"When I heard the announcement from Minister Little, it looked to be some really significant changes, however, I have been in the game long enough to realise that [the success of the plan] will be in the detail of what comes out in the coming weeks and months," she said.
"Ultimately, I need to be absolutely assured that [the changes] will benefit our community. What does that look like?"
According to Walsh-Tapiata, the announcement for a dedicated Māori health body is something she could see benefiting vulnerable Māori, but said it couldn't be the only mechanism.
"Across all of the changes, there is still a responsibility from a pro-equity position that Māori be considered in the four areas the Minister was talking about. I wouldn't want to think that the only place that we'd be considered is in that Māori authority space."
Mixed views from local MPs
The concept of a Māori-specific authority didn't fill Rangitīkei MP Ian McKelvie with overwhelming confidence, saying overlapping responsibilities could result in confusion.
"It'll be very interesting to see what form the Māori Health Authority takes, because I don't think it's in our interests to have dual systems operating side by side.
On the proposal to slim down the current DHB system as a whole, McKelvie said it's nothing that hasn't been tried before.
"We've had regional health authorities before in my lifetime, and they didn't work at the time. I think some of the proposals leave a little bit to be desired."
Whanganui MP Steph Lewis said while she believed the move was the right one, there was still uncertainty around the full plan.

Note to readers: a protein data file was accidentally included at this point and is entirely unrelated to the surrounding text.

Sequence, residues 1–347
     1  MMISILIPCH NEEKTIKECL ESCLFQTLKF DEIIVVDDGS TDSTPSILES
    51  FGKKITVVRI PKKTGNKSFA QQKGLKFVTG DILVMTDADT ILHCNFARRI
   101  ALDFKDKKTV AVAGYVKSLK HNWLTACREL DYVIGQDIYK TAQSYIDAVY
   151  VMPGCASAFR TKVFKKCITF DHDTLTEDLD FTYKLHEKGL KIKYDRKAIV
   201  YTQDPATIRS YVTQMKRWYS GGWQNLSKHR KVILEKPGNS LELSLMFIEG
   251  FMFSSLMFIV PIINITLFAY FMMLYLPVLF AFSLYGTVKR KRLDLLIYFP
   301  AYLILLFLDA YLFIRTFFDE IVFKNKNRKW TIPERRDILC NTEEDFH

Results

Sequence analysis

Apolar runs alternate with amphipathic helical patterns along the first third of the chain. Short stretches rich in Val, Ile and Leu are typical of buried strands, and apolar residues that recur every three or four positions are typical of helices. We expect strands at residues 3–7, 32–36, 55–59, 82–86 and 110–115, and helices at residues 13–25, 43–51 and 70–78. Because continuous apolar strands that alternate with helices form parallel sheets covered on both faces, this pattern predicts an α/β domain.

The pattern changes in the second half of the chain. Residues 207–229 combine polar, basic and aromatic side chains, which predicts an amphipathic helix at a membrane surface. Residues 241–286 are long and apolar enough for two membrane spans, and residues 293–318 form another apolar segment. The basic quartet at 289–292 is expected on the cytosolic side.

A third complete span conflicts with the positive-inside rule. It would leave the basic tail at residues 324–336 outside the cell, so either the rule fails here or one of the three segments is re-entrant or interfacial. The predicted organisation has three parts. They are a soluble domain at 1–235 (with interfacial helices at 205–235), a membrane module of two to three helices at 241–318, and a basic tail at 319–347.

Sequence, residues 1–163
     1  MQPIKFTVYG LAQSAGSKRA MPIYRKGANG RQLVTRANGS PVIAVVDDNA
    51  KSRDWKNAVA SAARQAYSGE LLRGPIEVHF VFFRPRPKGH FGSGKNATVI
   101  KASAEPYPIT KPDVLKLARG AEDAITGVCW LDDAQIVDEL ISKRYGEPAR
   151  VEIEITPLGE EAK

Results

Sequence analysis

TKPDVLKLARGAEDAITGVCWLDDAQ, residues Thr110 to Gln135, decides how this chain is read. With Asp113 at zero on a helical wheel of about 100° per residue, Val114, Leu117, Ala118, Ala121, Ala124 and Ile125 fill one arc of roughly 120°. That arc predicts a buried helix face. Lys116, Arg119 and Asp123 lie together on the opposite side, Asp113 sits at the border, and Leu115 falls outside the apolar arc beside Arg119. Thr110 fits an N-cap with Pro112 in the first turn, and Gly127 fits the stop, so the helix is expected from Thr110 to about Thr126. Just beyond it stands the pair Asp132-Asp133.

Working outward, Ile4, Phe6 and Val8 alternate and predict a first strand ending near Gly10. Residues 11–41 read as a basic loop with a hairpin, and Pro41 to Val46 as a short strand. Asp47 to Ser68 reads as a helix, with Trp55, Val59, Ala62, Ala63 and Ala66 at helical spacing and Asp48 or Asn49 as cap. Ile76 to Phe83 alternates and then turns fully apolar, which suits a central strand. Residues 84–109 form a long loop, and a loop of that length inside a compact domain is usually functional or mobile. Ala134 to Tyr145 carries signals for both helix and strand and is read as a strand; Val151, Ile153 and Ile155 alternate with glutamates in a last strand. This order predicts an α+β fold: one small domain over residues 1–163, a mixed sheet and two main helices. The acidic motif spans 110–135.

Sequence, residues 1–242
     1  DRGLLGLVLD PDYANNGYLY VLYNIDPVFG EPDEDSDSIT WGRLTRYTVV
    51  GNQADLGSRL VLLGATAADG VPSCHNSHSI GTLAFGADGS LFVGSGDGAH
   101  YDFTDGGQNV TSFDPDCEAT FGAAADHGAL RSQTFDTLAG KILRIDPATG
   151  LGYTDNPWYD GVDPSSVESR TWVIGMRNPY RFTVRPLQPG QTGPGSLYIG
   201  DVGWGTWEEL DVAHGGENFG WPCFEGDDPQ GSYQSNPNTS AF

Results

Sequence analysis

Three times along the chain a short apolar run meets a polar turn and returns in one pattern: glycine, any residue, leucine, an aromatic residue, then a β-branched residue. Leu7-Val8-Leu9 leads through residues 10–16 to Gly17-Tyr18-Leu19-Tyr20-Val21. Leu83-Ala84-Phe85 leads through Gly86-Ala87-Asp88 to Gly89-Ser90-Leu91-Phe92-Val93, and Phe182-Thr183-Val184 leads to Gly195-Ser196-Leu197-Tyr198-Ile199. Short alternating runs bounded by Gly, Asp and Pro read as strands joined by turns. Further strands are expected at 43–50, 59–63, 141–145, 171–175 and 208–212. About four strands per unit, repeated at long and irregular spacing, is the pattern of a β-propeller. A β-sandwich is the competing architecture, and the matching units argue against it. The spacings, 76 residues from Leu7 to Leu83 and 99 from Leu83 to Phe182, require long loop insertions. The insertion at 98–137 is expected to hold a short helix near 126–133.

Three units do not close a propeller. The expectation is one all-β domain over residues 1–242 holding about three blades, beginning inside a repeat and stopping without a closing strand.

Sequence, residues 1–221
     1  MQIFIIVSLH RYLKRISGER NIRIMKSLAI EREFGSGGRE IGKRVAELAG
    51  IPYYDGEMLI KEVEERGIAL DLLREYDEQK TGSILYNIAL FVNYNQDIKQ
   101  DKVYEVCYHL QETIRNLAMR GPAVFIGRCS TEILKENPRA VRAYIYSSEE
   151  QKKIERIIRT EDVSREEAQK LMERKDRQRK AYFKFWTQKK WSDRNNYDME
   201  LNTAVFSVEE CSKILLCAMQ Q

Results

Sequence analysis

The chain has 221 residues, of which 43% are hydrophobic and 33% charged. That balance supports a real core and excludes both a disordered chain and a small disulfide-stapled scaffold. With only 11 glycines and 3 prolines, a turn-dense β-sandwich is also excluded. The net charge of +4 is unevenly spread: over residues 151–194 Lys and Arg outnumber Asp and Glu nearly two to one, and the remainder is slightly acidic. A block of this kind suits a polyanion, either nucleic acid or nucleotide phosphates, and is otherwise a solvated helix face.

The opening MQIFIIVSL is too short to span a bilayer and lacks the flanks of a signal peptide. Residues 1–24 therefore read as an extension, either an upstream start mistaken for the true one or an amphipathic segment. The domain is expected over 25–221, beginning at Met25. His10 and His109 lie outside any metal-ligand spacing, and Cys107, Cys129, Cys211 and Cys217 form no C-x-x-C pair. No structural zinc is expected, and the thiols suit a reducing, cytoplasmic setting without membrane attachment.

"It doesn't mean we're going to lose services or our hospital, but I think it's too early to say what it's going to mean long term," Lewis said.
"There's still some more detail to come out, and I think we do just need to be given the chance to go through the detail that has been released already and be patient a bit longer."
Lewis said there would still be some form of community input, but there would also be a much more streamlined system to get people the care they need.
"It's important communities have a voice in what they need, but I've spoken with health professionals who themselves have told me there is room for improvement and efficiencies," she said.
In a statement to the Chronicle, Te Tai Hauaūru-based Māori Party List MP Debbie Ngarewa-Packer praised the move to establish a Māori Health Authority, a move her party campaigned for at the last election.
"Our job over the next two and half years will be to keep the government accountable to their commitments, particularly as they relate to the legislative powers of the Māori Health Authority and their commitment to reinforcing the principles of Te Tiriti o Waitangi," Ngarewa-Packer said.
"We want to acknowledge the blood, sweat, and tears of our many whānau, Iwi and Māori organisations who advocated fiercely for this model. Today is their day."
Whanganui District Health Board chief executive Russell Simpson was contacted for comment.